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Comment Engineers are not scientists (Score 1) 488

I question how the expected number are derived -- from the population at large? Or from college graduates? MENA graduates proportionally far more engineers than western schools.

There is also considerable confusion in the public and amongst engineers themselves about the differences with scientists. Briefly, scientists discover new effects while engineers use the available science to make their machines (systems) work.

Scientists tend to focus very narrowly on the interesting effect. Engineers might like to focus on some interesting effect, but must not miss any important effects. That's how machines break. Engineers are scientists' harshest critics.

Comment Re:Why believe warming is linear ? (Score 1) 735

Force what? There's already so much water vapor that the atmosphere is already opaque on its wavenumbers. Again, more will do nothing.

Clouds are a good question -- I have not heard any definitive resolution on whether the increased albedo is overwhelmed by the re-radiation blanket effect. My rough calcs say no (incoming -70% outgoing -50%)

Comment Why believe warming is linear ? (Score 0) 735

A greenhouse works by letting heat in (light) and not letting it out (glass traps convection). The atmosphere does so to some extent by letting energetic visible and shorter wavelengths through while trapping re-radiating longer (cooler) infra-red wavelengths. Fine.

Carbon dioxide traps infra-red only on three wavelenghts (wavenumbers) corresponding to its' vibratory modes. This absorbance is proportional to incidence, not linear -- see the Beer-Lambert Law.. (Linear approximation works only at very low absorances).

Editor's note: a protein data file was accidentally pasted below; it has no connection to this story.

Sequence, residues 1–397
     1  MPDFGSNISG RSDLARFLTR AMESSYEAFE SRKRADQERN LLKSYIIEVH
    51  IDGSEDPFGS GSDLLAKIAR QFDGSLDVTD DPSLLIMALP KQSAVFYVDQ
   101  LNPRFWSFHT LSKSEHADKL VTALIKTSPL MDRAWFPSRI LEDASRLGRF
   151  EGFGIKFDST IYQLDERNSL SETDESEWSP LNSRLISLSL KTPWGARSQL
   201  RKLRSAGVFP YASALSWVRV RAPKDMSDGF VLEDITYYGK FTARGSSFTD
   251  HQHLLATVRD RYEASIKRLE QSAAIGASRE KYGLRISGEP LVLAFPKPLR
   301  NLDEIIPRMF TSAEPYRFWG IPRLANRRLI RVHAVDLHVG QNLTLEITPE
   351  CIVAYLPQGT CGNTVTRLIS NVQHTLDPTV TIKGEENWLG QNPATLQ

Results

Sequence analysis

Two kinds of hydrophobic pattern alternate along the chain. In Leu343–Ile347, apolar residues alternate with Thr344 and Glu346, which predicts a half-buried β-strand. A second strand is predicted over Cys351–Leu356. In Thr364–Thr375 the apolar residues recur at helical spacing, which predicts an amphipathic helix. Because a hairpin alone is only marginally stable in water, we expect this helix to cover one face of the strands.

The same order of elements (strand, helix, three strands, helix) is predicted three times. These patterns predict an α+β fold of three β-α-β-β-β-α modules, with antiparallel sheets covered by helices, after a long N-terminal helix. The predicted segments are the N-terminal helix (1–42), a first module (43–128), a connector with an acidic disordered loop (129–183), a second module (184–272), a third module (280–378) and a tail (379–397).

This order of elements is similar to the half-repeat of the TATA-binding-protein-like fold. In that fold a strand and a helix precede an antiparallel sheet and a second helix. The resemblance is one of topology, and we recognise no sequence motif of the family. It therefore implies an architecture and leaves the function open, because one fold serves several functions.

If you double the amount, you halve the transmittance. But even at 100 ppmv CO2, transmittance is only 10^-10 (what else would you expect from 1mm as solid?). The atmosphere is already opaque on CO2 wavelengths. The glass is already on this greenhouse -- another layer will do nothing measureable.

Comment Workarounds (Score 1) 241

Like any law or ruling, there are certainly loopholes or workarounds. An obvious one would be to obtain a [small] office near/in the customer premises. Then the long commute is to this assigned business office, with a short hop to the customer.

The real problem is you cannot legislate morality or fairmindedness. A market economy can balanece things to the extent competition operates. An unfair employer loses employees (a big deal in IT). However, the EU is especially keen to entrench "employee rights" and thereby lessen competition for employees. If you cannot fire, you will be very reluctant to hire. So the EU is stuck with regs upon regs.

Comment Re:S O V E R E I G N I M M U N I T Y (Score 1) 165

A good point even if it is reductio ad absurdam. The key concept is "due process". Yes, sometimes a goverment (really the adminstration) may have cause to break some laws in the furtherence of law enforcement. These should be strictly limited and subject to open judicial and legislative oversight. "Sovereign immunity" is the analog to writs of assistance (general warrents) which the Courts have partially quashed with the interesting doctrine of "fruit of the poisoned vine".

Comment S O V E R E I G N I M M U N I T Y (Score 1) 165

... look it up. The idea is that lawmakers are not bound by the very laws they write because they could have written themselves immunity. IOW, the boss rules.